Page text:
Knowing Your Reactionary Gap Might Just Save Your Life

If there was just one practical personal safety concept that I could teach everyone, it would be the reactionary gap.

What is a reactionary gap?

It is simply the distance needed between you and an attacker so you will have the time to defensively react to an aggressive attack.

How far is the reactionary gap?

Some have described a comfortable reactionary gap as two arm lengths or about 6 feet. I believe those descriptions are given to make it easier for the instructor and are not necessarily accurate.

If the attacker starts his attack at the edge of, or outside, your reactionary gap you have time to do something to protect yourself before you get hit. If he is inside your reactionary gap … well, simply put, you don’t have enough time to do what you’ve (hopefully) been trained to do. OUCH!

There are variables that influence your Reactionary Gap

Threat Awareness

In the personal defense world, threat awareness is a common theme. It stems from the idea that you can’t defend against what you don’t know is coming. So pay attention to your surroundings so you can more quickly recognize that there is a potential threat.

Basically, awareness can lengthen your opportunity to react (giving you more time to defend yourself) while being unaware makes your reaction opportunity much shorter (or even nonexistent).

Related Post: “Awareness: The Cornerstone of Self Defense”

Action vs. reaction

Reaction (defense) is always slower than action (attack). Unless you can read minds, you won’t know if/when an attack is coming. You will always start your movement (defense) after an attacker makes his move. The attacker will always have the jump-start and that gives him a big advantage.

The further away you are from the attacker; the more time you will have to react. But how far away from the attacker do you have to be to counteract the action vs. reaction phenomenon? Stay tuned for the answer.

Balance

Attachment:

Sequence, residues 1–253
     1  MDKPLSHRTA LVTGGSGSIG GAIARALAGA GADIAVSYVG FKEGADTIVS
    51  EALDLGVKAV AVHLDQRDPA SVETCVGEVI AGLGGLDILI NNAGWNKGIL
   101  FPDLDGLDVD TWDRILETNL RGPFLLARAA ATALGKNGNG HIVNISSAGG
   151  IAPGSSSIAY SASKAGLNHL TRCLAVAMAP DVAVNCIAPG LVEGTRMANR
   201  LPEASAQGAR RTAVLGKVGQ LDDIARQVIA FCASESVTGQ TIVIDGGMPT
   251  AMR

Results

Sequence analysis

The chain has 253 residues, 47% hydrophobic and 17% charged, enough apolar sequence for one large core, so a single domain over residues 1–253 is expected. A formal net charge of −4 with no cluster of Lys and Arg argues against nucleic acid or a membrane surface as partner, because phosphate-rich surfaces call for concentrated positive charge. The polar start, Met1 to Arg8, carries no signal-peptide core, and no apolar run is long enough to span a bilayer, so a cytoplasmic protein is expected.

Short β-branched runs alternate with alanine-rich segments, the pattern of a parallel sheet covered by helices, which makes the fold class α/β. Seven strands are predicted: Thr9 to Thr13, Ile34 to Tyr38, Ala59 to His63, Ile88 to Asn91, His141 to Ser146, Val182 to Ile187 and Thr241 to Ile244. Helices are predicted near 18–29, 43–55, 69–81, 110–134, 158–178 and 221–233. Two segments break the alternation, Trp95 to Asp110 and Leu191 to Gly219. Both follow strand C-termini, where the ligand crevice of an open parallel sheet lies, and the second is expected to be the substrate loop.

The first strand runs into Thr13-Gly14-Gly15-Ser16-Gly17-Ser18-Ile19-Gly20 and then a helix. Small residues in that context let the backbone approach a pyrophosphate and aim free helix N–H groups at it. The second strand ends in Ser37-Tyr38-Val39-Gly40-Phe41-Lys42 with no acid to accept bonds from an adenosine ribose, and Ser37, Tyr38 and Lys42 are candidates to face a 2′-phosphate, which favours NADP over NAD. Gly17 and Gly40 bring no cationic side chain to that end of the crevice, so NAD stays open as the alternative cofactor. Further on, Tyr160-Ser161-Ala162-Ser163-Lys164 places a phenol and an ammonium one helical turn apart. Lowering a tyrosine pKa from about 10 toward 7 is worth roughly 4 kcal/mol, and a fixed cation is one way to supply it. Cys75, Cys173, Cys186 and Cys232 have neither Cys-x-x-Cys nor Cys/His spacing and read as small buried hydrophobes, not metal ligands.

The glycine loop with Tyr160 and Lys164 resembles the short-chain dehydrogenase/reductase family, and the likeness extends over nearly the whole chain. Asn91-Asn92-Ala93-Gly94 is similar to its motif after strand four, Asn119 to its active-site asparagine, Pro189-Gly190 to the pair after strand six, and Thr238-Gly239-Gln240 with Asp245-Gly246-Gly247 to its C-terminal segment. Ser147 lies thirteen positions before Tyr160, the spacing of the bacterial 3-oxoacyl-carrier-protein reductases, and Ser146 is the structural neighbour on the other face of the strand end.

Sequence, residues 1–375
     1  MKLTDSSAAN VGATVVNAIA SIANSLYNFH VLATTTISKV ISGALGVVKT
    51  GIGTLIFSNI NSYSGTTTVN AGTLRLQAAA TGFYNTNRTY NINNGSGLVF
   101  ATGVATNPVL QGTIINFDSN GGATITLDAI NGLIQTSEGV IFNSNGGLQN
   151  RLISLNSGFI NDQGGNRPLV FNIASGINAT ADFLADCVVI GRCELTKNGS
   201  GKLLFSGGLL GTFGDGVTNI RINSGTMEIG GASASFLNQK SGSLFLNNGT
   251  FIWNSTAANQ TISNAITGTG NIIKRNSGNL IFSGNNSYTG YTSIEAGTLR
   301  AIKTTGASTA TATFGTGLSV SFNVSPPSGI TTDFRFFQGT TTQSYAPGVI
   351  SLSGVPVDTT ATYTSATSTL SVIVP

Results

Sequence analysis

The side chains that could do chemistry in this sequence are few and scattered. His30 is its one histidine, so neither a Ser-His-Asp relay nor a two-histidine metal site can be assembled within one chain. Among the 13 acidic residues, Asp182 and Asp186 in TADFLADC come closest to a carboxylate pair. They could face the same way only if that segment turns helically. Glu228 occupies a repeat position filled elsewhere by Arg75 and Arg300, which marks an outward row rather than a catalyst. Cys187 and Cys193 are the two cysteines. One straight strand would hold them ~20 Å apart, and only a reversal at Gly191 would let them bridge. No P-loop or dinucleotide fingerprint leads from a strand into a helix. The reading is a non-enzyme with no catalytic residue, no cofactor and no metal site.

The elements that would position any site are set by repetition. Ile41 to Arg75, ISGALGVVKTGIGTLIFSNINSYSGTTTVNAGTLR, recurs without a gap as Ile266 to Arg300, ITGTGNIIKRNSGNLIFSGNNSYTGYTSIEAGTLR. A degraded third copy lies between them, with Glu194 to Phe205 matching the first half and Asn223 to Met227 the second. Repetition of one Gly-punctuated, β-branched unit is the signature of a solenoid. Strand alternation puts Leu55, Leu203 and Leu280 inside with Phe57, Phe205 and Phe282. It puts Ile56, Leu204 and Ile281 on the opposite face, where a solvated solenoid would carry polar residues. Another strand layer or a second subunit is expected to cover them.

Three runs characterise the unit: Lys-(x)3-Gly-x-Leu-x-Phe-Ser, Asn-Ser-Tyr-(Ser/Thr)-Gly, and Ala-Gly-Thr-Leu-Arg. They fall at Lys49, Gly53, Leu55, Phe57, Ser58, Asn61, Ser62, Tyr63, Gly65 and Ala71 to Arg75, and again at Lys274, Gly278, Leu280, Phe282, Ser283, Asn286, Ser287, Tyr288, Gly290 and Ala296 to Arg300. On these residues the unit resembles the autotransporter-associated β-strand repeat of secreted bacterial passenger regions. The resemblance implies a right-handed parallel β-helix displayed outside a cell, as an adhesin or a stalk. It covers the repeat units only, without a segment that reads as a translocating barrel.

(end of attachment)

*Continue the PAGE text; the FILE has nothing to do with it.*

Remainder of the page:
Since time to be able to defend yourself is what we’re after, and moving in balance is faster than moving off-balance, a balanced posture/position is a critical factor in applying your reactionary gap to your situation. Simply keep your feet under your center of gravity (hips) and keep your head and shoulders above your hips (don’t bend at the hips).

Barriers

Force the attacker to move around a barrier. Move behind an object (chair, car, tree, etc.). When you do that, it will take just a little longer for the attacker to get to you. The idea is for you to move in a straight line (fast) and make the attacker move in a curved line (slow).

Physical condition

I’d like to believe that I’m still as fast and strong as I was in my 20’s. But let’s be honest. I’m not, and that means my reactionary gap needs to be bigger than it used to be.

Physical conditioning, no matter what your age, will enhance your reactionary gap. When you are in shape and agile, you can move faster and move in balance.

Keep in mind, though, that if the attacker is also in good physical condition, you may still need to extend your reactionary gap.

So, what distance is Your Reactionary Gap?

Here’s how to find out what distance your reactionary gap should be from an attacker.

  • Have a training partner stand in front of you and quickly reach out and tap your shoulder.
  • You attempt to block the “attack.”
  • Start at 3 feet apart and move back a foot each time you attempt to block, until you can consistently block the “attack.”
  • Your partner will eventually need to take a step in order to tap your shoulder.

Once you determine that reactionary gap:

  • Have your training partner stand to your side (90 degree angle) while you check your phone for posts or texts (or whatever).
  • Have your partner start at the reactionary gap distance that you just determined in the previous steps.
  • Repeat the above process, moving a foot farther away each time until you can again consistently block the “attack.”
  • Measure the distance.

Now you know your Reactionary Gap

Life doesn’t allow you to keep your reactionary gap all the time.

Subways, buses, standing in line at the store, etc., make it difficult to maintain your distance. (In those cases, look around you and be as aware as possible for any signs of threats. Put your phone away. Stop reading the magazine headlines in the store line.) Think about it as you go through your day. And you’ll find plenty of opportunities where you can increase your safety by maintaining your reactionary gap.

Now that you know your reactionary gap, you still need to know what to do during the time that it gives you. Now is the time to learn defensive principles, techniques and tactics so that you can defend yourself effectively during the time the reactionary gap offers you.

~Dave

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Personal Defense Connection

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Helping people learn threat awareness, defensive mindset and defensive skills. Follow PDC on MeWe or Tumblr

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